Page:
In Lebanon, at least among the Palestinian populations living in Sabra, Shatila and Ain al-Hilweh, the potentially historic moment does not appear to have caused much of a stir.
“We are hopeful,” said Nawad, a nurse at a clinic near the entrance to the Shatila camp on the outskirts of Beirut. “But I don’t hear the issue discussed around the camp.”
Indeed, around a quarter of respondents were unaware of the bid or knew only the scantest of details. Among those familiar with the plan, their greatest concern was over the effect recognition of the State of Palestine would have on their status as refugees in Lebanon.
“I hope the law will give us the right to work and to buy property in Lebanon like other nationalities,” said Nawad.
“I have business in Syria but have to return to Lebanon every seven days with the pass I have. Will [UN membership] help
with the bureaucratic hassle?” asked 34-year-old Sabra resident Saleh.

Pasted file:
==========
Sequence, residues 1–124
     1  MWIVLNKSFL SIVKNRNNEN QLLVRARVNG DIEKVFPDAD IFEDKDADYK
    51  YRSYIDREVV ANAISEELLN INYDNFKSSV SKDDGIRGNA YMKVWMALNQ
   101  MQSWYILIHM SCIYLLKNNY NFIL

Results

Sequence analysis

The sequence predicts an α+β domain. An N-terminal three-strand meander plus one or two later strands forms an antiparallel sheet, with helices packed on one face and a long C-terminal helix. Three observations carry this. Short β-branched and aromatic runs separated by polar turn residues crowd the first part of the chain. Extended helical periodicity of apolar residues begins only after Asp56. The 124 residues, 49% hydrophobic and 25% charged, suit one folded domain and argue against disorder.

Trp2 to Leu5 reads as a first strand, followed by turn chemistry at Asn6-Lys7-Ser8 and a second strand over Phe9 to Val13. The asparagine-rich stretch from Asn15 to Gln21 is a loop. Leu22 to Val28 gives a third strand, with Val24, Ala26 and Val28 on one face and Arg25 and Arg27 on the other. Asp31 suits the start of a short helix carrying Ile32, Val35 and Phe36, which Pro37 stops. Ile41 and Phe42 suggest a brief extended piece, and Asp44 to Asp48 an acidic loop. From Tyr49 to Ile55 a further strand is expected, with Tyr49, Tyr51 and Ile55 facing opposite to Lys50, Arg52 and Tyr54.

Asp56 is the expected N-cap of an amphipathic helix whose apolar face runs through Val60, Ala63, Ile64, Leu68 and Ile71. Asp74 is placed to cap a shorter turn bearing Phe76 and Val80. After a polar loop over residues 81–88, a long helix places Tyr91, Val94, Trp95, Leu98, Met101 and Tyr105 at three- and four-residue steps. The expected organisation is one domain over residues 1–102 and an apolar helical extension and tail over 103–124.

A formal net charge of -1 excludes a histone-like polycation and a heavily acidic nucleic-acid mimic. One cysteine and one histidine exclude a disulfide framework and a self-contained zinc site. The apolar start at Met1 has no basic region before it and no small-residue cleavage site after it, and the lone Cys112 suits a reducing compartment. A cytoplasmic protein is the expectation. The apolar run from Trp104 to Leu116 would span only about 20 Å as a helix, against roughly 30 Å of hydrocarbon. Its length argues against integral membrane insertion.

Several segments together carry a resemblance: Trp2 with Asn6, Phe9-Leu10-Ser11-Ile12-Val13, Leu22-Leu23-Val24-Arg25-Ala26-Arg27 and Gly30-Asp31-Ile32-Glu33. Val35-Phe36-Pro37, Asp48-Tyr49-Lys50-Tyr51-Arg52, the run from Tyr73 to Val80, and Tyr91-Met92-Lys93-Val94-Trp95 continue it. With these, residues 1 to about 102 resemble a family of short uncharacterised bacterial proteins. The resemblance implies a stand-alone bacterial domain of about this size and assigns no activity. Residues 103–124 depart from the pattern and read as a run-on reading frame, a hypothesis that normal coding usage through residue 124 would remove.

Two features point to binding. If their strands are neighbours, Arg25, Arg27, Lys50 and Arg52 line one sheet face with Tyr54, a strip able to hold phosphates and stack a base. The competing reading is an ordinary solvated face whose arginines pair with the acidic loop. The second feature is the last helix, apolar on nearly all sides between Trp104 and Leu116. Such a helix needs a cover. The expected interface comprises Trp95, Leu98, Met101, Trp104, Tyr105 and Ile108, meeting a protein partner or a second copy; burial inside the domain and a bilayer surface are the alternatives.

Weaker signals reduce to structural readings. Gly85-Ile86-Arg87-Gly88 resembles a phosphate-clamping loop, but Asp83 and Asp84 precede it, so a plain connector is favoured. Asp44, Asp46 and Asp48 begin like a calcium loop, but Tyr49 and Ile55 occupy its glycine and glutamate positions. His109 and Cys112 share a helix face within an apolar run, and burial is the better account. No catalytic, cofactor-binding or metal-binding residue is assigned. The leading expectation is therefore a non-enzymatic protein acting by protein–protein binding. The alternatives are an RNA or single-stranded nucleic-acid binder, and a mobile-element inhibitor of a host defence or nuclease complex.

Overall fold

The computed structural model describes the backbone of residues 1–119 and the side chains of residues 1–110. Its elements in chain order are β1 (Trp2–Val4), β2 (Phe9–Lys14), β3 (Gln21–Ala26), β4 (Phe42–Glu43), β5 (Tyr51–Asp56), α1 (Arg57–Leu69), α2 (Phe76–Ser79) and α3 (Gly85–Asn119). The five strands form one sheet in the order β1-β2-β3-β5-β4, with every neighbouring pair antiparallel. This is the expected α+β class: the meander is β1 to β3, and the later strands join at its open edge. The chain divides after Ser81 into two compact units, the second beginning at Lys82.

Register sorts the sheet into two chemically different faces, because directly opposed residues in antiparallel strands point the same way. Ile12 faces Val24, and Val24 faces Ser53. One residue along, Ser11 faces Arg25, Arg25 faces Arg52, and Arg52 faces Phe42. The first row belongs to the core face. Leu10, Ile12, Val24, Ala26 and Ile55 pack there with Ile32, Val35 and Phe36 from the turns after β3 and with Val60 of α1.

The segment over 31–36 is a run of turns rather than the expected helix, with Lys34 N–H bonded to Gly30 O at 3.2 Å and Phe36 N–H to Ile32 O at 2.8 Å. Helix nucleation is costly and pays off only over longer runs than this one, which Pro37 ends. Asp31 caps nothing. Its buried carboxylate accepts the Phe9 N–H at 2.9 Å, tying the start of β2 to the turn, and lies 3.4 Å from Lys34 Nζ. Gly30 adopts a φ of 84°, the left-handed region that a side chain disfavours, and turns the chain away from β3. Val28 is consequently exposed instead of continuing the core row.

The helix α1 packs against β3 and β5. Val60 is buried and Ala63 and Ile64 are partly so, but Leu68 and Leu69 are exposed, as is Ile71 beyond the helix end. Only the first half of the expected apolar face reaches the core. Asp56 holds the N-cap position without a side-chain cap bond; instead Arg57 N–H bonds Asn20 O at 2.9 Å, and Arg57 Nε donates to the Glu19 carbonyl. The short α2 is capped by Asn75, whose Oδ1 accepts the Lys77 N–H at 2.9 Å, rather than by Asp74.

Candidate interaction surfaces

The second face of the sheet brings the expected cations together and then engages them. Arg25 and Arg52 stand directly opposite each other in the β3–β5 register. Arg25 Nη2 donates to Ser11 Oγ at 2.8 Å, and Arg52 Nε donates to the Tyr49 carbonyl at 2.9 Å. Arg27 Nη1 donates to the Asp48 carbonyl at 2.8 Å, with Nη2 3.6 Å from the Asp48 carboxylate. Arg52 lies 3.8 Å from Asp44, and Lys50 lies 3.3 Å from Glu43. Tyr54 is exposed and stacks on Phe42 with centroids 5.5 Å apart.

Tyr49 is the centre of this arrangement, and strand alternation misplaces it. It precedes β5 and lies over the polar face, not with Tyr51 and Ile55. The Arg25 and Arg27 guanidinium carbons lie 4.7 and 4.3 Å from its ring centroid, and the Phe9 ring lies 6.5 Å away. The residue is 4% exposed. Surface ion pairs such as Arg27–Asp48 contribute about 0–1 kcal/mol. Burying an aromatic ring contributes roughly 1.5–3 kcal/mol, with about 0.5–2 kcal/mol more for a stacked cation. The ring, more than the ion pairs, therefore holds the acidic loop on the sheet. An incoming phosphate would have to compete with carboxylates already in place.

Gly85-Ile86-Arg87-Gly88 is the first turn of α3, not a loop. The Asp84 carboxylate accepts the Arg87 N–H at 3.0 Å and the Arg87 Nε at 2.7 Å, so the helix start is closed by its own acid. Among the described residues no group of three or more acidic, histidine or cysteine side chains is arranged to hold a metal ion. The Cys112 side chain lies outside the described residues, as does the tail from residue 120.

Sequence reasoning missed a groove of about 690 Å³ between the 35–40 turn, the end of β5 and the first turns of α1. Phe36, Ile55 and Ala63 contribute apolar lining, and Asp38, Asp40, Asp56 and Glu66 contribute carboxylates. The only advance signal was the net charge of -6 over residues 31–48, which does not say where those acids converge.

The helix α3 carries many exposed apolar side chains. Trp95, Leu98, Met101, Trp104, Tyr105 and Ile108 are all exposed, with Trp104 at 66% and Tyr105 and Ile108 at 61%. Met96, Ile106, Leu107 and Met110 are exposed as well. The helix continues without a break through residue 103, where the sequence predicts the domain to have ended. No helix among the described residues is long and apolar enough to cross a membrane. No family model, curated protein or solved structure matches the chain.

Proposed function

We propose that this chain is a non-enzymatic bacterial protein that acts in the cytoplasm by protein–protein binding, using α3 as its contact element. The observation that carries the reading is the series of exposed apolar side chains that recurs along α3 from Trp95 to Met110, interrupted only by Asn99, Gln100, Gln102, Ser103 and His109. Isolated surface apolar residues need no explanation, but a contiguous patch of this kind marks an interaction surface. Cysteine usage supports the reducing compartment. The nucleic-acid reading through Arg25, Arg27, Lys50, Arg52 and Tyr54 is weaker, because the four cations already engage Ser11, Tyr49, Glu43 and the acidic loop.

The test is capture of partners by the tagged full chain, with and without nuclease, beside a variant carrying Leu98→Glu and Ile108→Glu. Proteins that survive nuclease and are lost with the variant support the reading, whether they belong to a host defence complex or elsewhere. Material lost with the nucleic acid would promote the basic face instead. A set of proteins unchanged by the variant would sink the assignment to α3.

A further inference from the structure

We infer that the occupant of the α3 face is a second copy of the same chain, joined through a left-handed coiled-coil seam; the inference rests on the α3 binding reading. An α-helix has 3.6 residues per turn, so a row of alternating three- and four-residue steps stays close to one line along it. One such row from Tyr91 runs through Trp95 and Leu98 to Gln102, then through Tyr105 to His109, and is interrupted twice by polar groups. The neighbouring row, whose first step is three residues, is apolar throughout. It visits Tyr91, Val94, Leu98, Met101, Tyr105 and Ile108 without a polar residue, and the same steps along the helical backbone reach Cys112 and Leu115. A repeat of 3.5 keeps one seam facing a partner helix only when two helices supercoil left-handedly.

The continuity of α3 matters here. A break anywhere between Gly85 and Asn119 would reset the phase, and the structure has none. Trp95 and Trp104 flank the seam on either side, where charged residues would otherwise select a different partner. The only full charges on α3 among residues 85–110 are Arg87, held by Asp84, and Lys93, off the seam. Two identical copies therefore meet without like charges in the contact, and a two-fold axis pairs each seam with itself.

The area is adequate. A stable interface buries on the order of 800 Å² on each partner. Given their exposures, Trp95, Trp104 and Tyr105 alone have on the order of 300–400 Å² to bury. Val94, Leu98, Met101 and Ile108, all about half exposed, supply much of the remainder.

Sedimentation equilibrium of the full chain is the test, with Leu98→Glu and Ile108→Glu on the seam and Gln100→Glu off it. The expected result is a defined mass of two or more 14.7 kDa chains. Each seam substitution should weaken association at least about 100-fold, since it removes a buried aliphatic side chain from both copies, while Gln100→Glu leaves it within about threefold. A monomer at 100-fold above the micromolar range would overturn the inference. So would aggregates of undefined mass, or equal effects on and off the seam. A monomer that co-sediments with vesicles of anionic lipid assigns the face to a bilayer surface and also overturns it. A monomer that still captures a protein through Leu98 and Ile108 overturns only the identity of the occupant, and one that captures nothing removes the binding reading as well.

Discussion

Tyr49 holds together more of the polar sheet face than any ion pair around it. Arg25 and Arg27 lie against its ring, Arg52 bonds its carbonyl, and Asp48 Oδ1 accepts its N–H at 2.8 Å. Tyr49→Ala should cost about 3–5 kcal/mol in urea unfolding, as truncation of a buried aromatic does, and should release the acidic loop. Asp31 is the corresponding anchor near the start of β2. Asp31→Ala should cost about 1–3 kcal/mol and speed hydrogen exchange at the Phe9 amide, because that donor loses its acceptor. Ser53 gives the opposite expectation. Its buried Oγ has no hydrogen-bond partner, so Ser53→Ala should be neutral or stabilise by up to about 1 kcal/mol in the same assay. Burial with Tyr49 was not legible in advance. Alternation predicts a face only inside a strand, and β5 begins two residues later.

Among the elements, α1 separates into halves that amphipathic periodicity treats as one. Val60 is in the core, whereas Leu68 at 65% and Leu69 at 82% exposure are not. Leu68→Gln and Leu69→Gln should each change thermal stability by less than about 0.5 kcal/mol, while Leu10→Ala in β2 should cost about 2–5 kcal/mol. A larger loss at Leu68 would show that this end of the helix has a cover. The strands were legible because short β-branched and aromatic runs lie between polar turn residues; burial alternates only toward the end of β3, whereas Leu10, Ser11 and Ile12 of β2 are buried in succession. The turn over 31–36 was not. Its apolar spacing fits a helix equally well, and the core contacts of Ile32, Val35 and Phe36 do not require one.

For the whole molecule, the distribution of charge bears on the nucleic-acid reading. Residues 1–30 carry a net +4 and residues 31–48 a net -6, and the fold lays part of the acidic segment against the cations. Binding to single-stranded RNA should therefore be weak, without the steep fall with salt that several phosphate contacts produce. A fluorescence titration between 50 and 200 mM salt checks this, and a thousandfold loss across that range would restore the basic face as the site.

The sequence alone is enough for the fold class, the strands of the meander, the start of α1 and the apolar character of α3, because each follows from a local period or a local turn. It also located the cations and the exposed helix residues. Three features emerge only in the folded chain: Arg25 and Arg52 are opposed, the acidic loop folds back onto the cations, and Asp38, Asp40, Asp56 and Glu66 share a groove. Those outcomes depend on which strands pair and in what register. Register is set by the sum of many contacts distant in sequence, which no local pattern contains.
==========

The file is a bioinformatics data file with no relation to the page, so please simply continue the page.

According to Khassem Hassan, secretary general of Fatah in Shatila, UN membership would solve a number of official problems. “For example,” he said, “I expect it will legalize verbal agreements, such as allowing Palestinians without ID cards to continue their education, thereby making them permanent.” It would also be a major psychological boost to Palestinians worldwide, he added. “Having the knowledge that among the international community we exist as a people, and can have a passport, many things will be solved.”